Ephesians 4:26–27 says, "Be angry and do not sin; do not let the sun go down on your anger, and give no opportunity to the devil." The best way to handle our anger is to acknowledge it and do something about it. When we allow our anger to simmer or cherish grudges, we only save up more trouble for tomorrow. Instead, we need to examine our anger and handle it in a healthy way. Anger alerts us to something amiss. When we are angry, we need to ask ourselves why we are. If it is for a righteous reason, we should seek God's wisdom in whether He is asking us to intercede in the situation in some way. If it is for an unrighteous reason, we need to confess it to God and ask for His help. There is no sense in trying to pretend we don't have anger. Rather, own up to the situation and ask for God's healing and forgiveness where needed. Take the energy produced by anger to the problem itself instead of taking it out on the people involved.
Sometimes the best way to prevent anger is to establish boundaries in our lives that prevent us from being around people or situations that consistently give rise to anger. For example, there are some people who violate us that we must forgive, but should still refrain from allowing into our lives. A rape victim is required to forgive her rapist, but not to be his friend. If someone has embezzled money from you, you are to forgive that person, but it would not be wise to invest your money with her again. Use your God-given discernment to recognize when certain people or circumstances are unhealthy for you. Ask God for wisdom to help you handle difficult situations: "If any of you lacks wisdom, let him ask God, who gives generously to all without reproach, and it will be given him" (James 1:5). The wisdom that God provides will help you have a rational mind and peace rather than anger (Psalm 119:66; James 3:17).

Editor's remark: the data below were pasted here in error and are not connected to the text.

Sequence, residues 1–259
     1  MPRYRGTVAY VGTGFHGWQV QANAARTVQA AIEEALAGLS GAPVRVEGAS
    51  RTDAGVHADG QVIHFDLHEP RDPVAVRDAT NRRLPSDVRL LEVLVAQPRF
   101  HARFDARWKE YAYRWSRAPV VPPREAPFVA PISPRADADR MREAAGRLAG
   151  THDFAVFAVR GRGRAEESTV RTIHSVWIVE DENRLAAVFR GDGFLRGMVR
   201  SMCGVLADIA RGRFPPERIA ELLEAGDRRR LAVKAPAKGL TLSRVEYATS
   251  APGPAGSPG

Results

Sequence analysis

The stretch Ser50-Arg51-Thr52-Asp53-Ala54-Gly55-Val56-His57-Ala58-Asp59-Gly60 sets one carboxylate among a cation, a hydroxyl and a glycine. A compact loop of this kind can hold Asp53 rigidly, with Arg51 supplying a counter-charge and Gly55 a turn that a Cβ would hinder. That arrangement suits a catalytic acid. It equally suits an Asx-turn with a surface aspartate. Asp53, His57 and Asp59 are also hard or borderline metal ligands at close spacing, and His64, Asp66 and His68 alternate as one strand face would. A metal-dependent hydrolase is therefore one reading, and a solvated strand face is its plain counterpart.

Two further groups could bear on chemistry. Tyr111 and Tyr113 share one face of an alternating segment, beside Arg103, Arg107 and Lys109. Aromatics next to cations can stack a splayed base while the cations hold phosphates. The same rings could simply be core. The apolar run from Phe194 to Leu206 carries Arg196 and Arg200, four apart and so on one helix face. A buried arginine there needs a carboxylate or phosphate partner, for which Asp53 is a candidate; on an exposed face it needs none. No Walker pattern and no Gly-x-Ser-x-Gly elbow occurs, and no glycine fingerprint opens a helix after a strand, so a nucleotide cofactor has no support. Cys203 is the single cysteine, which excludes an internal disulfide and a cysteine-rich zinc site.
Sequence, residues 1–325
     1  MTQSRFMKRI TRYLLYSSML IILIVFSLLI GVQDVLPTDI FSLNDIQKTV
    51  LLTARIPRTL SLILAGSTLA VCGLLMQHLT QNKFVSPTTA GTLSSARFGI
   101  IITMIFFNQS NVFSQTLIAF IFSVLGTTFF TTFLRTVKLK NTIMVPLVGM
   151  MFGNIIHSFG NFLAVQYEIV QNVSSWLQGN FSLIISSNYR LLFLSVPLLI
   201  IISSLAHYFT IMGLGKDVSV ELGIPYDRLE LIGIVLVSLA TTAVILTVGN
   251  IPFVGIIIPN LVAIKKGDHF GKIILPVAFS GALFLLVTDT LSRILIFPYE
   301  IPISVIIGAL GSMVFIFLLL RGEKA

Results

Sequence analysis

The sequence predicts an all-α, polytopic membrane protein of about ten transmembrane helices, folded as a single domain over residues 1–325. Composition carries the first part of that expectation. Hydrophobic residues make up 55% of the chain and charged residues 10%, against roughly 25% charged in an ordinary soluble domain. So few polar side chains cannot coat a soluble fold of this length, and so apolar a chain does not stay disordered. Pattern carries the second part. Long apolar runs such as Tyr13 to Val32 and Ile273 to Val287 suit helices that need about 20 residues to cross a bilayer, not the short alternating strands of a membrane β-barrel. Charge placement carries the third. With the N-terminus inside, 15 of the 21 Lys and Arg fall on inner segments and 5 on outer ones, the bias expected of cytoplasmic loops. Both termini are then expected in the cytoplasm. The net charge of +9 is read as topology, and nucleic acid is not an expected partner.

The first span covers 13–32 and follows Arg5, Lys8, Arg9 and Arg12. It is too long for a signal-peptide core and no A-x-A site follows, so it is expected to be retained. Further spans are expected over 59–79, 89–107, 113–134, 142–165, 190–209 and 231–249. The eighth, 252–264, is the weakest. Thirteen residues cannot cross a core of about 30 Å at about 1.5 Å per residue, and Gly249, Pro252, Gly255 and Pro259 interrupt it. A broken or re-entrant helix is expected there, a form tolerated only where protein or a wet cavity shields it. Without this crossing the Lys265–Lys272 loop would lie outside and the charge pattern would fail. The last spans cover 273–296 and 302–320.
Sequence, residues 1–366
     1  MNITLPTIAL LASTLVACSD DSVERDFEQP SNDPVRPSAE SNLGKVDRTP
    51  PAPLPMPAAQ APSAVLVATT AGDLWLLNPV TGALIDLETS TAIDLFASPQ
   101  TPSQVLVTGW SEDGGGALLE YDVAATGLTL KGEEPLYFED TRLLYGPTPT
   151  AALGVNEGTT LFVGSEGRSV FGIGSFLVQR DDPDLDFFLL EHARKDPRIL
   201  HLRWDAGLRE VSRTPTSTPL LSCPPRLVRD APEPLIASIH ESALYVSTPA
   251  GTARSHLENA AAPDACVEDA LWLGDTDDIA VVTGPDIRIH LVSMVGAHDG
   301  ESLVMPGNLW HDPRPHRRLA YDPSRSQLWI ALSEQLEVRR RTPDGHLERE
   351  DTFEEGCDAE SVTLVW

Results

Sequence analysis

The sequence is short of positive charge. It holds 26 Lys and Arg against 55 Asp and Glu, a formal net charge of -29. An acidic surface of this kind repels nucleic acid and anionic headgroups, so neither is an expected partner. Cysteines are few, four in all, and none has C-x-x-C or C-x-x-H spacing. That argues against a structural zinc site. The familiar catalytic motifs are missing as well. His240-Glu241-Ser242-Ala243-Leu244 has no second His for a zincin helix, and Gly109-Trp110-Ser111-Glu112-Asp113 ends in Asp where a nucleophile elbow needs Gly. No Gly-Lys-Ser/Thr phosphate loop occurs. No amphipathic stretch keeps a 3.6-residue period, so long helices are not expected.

Regardless of the situation, one way to avoid sinning in anger is to look for God at work in our own trials and the trials of others. Even if things are unjust right now, God promises that He will ultimately enact His justice, so we are not to take enacting justice into our own hands: "Beloved, never avenge yourselves, but leave it to the wrath of God, for it is written, 'Vengeance is mine, I will repay, says the Lord'" (Romans 12:19).
Also keep in mind that our primary enemy is not other people: "For we do not wrestle against flesh and blood, but against the rulers, against the authorities, against the cosmic powers over this present darkness, against the spiritual forces of evil in the heavenly places" (Ephesians 6:12). Any situation over which we might be angry is ultimately a result of the fallen nature of our world. The solution to the human problem of sin is Jesus. Jesus has also defeated Satan on the cross and will one day finally destroy Him. So rather than fight against one another, we do well to fight against our own sin, stand firm in faith, share the gospel of Jesus Christ, and wait in hopeful expectation for Jesus’ return.
Do what you can to live at peace with others: "If possible, so far as it depends on you, live peaceably with all" (Romans 12:18). Ask God to help you process your anger in a healthy way without it turning to sin. The more you practice healthy methods to process your anger, the easier it will become.